‘Deadliest Catch’: Summer Bay Has a Close Call in Tense Video

by Courtney Blackann
deadliest-catch-summer-bay-has-close-call-tense-video

In a crazy clip from Discovery’s “Deadliest Catch,” Captain Wild Bill barely escapes death as the ship comes close to capsizing. The crews are known to face harsh and dangerous weather while aboard their fishing vessels. However, the scary moment occurs in a quick turn of weather and intense waves.

In the clip posted to Youtube, the crew is out on the Bering Sea trying to escape what’s become some rough weather. They are nearly out of the way of the high waves and wind when the ship takes a turn for worse. The Summer Bay faces its most intense waves of all time.

As Wild Bill attempts to navigate away from the waves and anchor up, they’re hit with incredibly rough water. The large waves flow over the bow of the boat as it churns and shakes in the weather. For a moment, Wild Bill wonders whether the Summer Bay can handle the water. But just as quickly as it crashes onto the deck, the boat seems to pull out of the worst of it.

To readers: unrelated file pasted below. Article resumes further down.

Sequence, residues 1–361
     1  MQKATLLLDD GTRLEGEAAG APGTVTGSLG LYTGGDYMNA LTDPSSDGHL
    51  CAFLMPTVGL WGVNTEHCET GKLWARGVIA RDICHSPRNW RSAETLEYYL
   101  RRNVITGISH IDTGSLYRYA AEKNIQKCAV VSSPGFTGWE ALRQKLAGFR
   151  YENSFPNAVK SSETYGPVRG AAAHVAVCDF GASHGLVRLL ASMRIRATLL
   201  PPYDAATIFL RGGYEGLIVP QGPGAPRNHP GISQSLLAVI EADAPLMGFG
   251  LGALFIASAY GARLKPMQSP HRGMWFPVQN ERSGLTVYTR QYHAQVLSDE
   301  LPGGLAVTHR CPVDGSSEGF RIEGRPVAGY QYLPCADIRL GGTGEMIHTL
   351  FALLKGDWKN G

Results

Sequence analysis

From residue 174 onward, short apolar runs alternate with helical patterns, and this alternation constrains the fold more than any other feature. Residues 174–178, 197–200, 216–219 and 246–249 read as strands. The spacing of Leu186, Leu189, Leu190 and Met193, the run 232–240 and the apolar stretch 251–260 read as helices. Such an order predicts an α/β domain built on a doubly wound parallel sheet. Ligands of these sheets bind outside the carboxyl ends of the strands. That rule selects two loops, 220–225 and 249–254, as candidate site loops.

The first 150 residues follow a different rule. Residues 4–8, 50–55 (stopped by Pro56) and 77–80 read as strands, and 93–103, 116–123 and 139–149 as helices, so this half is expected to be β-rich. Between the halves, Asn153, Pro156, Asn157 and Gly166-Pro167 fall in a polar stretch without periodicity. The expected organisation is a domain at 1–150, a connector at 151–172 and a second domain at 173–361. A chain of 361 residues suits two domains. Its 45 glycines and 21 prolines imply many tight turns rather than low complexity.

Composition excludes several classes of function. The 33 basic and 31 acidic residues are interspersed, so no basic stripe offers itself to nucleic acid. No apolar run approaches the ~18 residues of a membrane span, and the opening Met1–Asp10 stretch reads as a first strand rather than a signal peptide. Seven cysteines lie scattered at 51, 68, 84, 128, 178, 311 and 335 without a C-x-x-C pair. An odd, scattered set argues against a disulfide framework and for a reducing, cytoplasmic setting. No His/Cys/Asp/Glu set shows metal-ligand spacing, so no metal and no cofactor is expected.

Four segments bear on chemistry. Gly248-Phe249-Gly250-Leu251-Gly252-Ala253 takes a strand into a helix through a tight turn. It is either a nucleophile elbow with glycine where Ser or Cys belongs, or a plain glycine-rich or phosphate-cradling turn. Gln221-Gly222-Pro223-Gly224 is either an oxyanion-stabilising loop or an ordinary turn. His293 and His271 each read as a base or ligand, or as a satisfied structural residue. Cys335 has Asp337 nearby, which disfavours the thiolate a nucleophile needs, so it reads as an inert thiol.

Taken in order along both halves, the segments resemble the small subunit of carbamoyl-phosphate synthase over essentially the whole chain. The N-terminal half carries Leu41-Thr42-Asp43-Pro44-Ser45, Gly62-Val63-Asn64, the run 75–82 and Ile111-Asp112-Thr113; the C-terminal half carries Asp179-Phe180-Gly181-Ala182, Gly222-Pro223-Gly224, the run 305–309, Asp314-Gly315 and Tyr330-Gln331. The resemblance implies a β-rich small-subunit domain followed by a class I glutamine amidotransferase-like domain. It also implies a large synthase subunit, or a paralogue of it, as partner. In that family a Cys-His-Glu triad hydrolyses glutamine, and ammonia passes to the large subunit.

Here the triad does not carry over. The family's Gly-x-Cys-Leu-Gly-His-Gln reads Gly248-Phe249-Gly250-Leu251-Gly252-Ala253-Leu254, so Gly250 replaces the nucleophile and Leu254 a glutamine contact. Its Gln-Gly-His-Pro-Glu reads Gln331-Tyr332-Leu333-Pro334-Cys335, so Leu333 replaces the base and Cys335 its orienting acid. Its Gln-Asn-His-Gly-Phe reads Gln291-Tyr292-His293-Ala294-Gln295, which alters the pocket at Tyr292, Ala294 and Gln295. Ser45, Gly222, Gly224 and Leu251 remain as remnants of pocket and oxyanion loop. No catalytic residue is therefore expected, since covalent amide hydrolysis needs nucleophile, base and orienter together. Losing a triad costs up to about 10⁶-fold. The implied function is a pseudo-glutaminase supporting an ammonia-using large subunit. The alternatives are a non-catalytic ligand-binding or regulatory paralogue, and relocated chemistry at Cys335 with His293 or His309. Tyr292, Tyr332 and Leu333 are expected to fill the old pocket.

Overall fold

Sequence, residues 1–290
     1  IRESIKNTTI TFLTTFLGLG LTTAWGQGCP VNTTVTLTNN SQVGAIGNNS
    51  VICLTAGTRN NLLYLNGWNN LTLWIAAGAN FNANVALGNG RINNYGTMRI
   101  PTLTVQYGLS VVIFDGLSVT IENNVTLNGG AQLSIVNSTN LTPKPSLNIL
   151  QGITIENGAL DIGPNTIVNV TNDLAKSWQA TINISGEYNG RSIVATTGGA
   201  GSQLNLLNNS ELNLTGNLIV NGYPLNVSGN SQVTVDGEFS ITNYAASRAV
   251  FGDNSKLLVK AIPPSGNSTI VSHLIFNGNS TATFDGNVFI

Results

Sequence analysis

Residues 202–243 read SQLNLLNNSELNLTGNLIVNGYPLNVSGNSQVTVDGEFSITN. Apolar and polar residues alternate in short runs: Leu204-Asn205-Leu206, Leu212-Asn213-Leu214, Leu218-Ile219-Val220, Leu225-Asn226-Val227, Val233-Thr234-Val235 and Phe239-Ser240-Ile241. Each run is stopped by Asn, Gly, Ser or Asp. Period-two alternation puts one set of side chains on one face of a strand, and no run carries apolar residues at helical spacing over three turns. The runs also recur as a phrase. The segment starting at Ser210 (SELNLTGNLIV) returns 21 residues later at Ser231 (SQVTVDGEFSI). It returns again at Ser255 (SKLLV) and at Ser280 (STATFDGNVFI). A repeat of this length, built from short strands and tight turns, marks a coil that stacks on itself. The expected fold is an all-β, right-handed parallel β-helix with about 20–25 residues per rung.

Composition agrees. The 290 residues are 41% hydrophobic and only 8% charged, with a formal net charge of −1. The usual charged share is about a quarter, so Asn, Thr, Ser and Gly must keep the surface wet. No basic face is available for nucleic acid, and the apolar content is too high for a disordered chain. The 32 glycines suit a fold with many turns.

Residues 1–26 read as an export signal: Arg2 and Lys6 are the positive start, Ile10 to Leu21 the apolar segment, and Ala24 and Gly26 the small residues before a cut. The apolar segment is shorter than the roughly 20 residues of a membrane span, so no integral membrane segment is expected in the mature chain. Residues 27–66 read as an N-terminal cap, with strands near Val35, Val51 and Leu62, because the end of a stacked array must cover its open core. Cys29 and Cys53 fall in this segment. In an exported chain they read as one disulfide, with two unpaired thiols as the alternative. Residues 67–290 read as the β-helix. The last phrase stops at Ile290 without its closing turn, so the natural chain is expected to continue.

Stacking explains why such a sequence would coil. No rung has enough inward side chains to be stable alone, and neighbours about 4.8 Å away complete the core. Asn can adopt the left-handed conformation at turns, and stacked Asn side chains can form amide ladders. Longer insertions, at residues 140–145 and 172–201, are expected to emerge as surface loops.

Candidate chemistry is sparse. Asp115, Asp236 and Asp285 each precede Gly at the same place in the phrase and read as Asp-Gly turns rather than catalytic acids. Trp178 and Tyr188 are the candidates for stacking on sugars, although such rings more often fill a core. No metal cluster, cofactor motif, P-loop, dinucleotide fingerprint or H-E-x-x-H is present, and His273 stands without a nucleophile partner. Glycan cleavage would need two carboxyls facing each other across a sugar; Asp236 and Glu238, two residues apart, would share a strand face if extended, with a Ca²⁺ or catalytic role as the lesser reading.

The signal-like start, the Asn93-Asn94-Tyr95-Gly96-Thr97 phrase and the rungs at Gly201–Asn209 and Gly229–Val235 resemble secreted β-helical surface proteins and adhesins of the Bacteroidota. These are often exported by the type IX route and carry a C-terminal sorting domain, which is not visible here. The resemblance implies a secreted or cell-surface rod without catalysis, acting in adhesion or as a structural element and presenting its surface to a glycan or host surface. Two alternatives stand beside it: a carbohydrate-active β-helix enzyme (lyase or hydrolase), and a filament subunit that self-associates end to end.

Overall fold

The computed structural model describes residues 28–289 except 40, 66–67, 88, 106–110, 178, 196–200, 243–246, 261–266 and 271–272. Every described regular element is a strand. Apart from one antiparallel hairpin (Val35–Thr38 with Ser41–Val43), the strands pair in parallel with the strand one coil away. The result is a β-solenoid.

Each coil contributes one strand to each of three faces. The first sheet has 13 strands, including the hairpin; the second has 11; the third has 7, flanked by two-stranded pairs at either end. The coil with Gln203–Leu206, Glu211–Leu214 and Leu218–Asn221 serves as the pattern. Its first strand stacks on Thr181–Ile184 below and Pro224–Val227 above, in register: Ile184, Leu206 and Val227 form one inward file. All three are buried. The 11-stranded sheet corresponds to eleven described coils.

“I have more faith in this boat than I did before,” Wild Bill says. “I just hope the guys aren’t too traumatized by it.”

The crew remarks how the windows were covered by water at the peak moment of impact. Further, the camera crews show just how intense the Summer Bay was overtaken by waves. The water spills onto the deck, flooding the cabin and lower levels.

“Deadliest Catch’s” Wild Bill is No Stranger to Adversity

“You know it’s bad when there’s water coming through the ceiling,” Wild Bill remarks.

As the crew recovers, Captain Wild Bill says they’ll finish the season right here. He says they’ll have to anchor up and finish their trip as quickly as possible.

But if this moment is scary, it’s not the first time that Captain Wild Bill has faced adversity. He’s been in plenty of hairy situations before.

He discussed this, saying: “The start of the season was the worst thing ever because we had to spend a quarantine, you couldn’t move around freely, vendors were shut down.” Wichrowski also said, “Half the fleet didn’t even go. Everything was so difficult, just to get off the ground and get out of town.”

Once this “Deadliest Catch” captain and his crew were at sea, things became easier. But because of Covid-19, distribution became a challenge.

“Then the delivery, the deliveries were totally thrown off because a couple of shore plants had an outbreak. So instead of taking your load of crab and driving to town and waiting maybe 16, 18, 24 hours, sometimes it’s four to six days to offload the crab,” the captain said.

Outsider.com